A bill that would lift the ban on mixed martial arts fighting in New York passed in the state Senate yesterday 43-14 — and backers are optimistic it will pass in the Assembly, despite opposition from Assemblyman Bob Reilly.
This is the third consecutive year a bill lifting the ban on MMA fighting was passed in the Senate since the ban was enacted in 1997 under the regime of former Governor George Pataki. The bill has never passed in the Assembly, though.
“We are hopeful the third time will be the charm with the State
Assembly. The bill received overwhelming and bipartisan support and we
would especially like to recognize the leadership of the Senate sponsor
Joseph Griffo,” Ultimate Fighting Championship CEO Lorenzo Fertitta says
in an email to the Voice.
In a letter to Governor Andrew Cuomo, Reilly expressed his objection
to lifting the ban on the bare-knuckle fights. He’s concerned that
organizations like UFC don’t do enough to prevent or treat concussions
that he says happen frequently in MMA fights.
From Reilly’s letter:
While UFC officials and proponents argue that the type of head injuries
suffered by MMA fighters are mild compared to the repeated hits to the
head of other major sports including boxing and football, the evidence
suggests otherwise. That is, powerful knockout blows, repeated head
trauma and concussions have serious consequences on the long term health
of athletes. A recent study by National Geographic documents the
severity of the hits by MMA fighters which exceed all other sports.
Additionally, as MMA is a relatively new phenomenon, there have been no
real long term studies such as those conducted by the NFL to indicate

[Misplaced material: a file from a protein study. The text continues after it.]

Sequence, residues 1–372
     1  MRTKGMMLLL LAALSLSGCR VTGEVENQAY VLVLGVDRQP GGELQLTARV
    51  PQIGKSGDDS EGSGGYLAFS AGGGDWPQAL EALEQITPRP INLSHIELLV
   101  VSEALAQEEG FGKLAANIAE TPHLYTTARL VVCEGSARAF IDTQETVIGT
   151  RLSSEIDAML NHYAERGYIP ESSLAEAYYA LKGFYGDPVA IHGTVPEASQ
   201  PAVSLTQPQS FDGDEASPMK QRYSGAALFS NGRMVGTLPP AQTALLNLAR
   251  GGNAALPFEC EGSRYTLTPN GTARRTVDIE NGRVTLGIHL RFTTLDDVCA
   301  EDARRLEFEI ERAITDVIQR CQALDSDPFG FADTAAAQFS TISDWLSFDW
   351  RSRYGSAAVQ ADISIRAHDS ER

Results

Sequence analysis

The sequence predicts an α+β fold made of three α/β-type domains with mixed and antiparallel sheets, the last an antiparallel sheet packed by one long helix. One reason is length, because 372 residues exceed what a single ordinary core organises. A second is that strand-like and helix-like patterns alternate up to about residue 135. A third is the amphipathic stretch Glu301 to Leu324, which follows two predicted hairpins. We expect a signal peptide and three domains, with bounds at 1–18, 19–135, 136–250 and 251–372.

the impact to the health of aging or retired fighters.
After years of lobbying to lift the ban, the UFC sued the state last
year, claiming MMA fighting is public entertainment — that it’s
“expressive activity” — and therefore protected by the First Amendment.
“While there surely are spectators who watch solely because of their
misconceived hopes of seeing ‘violence,’ ” UFC says in its lawsuit, “countless fans
watch M.M.A. because of the variety of positive messages conveyed.”
Fertitta acknowledges the challenges of getting the bill passed in
the Assembly, but says MMA proponents are optimistic it will pass.
“Over the next two months, we will focus our efforts on convincing
Assembly leadership that this bill, now sponsored by Assemblyman Joe
Morelle – who is a Monroe County native just like UFC light heavyweight
champion Jon Jones – should be brought to the floor of the Assembly for a
vote, where we are convinced it will have strong bipartisan support,”
Fertitta goes on, sayin that “on Saturday, New York’s Jon Jones will
defend his crown against New York’s Rashad Evans for the UFC light
heavyweight championship of the world in Atlanta, GA. I know both
fighters regret this fight is not taking place in New York, as do
millions of loyal New York UFC fans. I hope the next fight for both
fighters will take place in their home state.”